The Effects of pH on the Rate of Successful Egg Hatches in Aedes aegypti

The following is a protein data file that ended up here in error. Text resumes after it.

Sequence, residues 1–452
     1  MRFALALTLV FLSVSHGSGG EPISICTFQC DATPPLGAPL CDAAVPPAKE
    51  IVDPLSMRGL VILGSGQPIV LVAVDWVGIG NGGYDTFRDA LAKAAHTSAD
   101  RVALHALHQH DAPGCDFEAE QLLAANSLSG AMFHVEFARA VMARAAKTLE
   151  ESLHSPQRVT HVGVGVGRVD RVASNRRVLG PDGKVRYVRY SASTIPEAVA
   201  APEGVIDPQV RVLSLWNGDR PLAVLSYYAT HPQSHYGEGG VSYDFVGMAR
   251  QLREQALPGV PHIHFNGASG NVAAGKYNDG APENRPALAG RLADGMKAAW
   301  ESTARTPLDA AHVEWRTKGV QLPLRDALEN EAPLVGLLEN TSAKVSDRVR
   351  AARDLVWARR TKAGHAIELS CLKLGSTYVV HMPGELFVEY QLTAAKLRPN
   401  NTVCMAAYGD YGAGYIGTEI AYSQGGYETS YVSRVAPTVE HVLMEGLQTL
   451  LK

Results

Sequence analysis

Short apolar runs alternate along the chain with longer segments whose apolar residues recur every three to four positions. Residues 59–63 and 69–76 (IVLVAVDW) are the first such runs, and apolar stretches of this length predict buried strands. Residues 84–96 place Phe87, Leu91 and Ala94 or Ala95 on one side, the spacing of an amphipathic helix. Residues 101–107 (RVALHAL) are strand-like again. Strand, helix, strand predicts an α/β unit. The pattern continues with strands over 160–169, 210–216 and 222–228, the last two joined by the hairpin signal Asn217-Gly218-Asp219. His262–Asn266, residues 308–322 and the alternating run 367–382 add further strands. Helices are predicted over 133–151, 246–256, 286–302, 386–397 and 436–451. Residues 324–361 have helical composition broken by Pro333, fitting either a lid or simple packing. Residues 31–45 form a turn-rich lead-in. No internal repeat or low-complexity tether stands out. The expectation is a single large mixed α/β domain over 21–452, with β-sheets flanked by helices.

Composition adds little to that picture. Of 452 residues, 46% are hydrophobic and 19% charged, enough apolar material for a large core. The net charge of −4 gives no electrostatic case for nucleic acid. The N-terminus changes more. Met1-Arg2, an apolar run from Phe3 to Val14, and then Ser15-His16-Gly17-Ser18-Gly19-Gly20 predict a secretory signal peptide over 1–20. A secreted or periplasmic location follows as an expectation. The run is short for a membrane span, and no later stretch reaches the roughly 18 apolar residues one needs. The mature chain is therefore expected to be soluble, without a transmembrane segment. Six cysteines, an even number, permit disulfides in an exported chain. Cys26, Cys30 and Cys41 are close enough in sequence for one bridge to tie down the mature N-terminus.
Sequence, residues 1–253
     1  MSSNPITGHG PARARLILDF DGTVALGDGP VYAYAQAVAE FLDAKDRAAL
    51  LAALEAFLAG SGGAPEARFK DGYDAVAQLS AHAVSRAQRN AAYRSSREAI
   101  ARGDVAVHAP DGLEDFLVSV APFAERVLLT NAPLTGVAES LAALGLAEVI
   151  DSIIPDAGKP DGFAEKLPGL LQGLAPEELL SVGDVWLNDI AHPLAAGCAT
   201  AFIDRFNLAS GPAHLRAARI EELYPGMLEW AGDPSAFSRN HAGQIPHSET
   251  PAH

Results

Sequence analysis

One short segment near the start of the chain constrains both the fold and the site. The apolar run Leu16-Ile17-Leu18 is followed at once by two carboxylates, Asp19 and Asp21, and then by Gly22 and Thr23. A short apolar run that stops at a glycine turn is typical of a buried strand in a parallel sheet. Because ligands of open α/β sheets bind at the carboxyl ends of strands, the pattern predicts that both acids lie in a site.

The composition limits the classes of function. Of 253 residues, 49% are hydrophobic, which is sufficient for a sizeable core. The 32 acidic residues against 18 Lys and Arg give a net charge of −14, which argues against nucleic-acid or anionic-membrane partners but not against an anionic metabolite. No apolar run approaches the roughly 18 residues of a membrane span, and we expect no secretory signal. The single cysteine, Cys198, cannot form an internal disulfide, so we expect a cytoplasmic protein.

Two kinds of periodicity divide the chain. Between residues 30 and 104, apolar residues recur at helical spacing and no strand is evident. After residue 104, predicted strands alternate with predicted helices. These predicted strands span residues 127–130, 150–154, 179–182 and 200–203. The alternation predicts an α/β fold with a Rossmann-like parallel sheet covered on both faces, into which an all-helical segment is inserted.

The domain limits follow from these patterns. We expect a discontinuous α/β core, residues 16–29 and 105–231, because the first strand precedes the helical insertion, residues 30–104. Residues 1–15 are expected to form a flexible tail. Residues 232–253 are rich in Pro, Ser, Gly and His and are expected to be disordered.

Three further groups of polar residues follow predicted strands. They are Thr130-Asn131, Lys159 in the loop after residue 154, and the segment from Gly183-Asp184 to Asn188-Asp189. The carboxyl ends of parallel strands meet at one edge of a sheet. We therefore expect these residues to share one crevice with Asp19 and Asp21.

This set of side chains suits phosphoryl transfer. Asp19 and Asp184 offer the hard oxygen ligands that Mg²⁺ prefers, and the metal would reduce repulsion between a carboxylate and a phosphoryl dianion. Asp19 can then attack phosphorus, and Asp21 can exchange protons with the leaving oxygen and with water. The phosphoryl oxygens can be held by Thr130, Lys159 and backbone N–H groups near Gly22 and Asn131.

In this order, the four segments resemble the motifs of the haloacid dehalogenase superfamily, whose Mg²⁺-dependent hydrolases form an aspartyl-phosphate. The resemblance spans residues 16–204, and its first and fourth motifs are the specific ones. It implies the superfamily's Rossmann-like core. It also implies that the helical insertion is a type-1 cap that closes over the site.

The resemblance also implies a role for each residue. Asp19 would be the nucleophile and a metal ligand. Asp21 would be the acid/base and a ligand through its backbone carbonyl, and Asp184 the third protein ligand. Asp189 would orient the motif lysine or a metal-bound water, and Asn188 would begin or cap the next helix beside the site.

Aedes aegypti, a common species of mosquito, is the primary vector for many deadly diseases, such as yellow fever, Zika, chikungunya, and dengue fever. Considerable efforts have been made by public health advocates to educate property owners in vulnerable areas about the risks of leaving out artificial containers that can collect rainwater and become prime breeding grounds for Ae. aegypti. With rising CO2 levels in the atmosphere, the degree of rainwater acidification increases each year. This experiment therefore sought to determine if there was a correlation between solution pH and the rate of successful hatches in Ae. aegypti eggs. It was hypothesized that more neutral pHs would see the largest percentage of successful egg hatches, while hatch rates in more acidic or basic solutions would see a diminished percentage. To test this, 10-25 eggs laid from a single cohort of female Ae. aegypti were placed in five solutions of different pHs and the viability of the eggs was determined by counting the number of larvae in each solution after an hour. Finally, the data was analyzed using a simple linear regression in order to determine the correlation, if any, between the two variables. No statistical significance was found between pH and hatching viability of Aedes aegypti eggs. Further research would have to be done to make a conclusion on the effect of pH on the rate of hatching for Aedes aegypti in their natural environment.